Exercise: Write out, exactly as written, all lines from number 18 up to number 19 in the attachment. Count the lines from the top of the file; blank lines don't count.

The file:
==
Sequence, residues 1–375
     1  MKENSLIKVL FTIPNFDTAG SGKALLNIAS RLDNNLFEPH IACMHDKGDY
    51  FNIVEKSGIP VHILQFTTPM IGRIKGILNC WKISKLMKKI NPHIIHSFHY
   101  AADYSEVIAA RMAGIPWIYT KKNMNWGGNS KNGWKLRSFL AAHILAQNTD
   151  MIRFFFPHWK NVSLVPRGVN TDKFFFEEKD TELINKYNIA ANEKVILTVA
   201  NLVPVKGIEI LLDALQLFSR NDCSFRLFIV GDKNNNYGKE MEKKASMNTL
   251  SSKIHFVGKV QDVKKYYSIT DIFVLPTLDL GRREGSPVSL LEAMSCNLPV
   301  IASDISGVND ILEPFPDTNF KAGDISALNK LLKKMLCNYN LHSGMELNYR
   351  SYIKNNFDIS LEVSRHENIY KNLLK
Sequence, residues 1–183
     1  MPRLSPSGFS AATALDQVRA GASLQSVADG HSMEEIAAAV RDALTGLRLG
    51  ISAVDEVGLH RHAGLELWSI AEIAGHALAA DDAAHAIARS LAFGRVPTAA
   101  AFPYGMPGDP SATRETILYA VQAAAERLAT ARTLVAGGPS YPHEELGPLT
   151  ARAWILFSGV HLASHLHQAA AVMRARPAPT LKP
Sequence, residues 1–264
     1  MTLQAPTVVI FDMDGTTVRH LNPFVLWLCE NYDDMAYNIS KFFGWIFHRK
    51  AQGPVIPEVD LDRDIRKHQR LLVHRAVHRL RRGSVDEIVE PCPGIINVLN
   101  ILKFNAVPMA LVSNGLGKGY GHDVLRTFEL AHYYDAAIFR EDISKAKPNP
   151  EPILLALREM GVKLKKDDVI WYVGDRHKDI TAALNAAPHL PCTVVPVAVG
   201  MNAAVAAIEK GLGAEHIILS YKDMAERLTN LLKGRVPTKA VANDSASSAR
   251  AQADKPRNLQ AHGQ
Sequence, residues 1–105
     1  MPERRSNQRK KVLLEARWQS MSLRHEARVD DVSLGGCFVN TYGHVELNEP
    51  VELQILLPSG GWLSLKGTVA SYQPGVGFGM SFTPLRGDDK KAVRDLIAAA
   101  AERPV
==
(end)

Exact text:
   101  ILKFNAVPMA LVSNGLGKGY GHDVLRTFEL AHYYDAAIFR EDISKAKPNP
   151  EPILLALREM GVKLKKDDVI WYVGDRHKDI TAALNAAPHL PCTVVPVAVG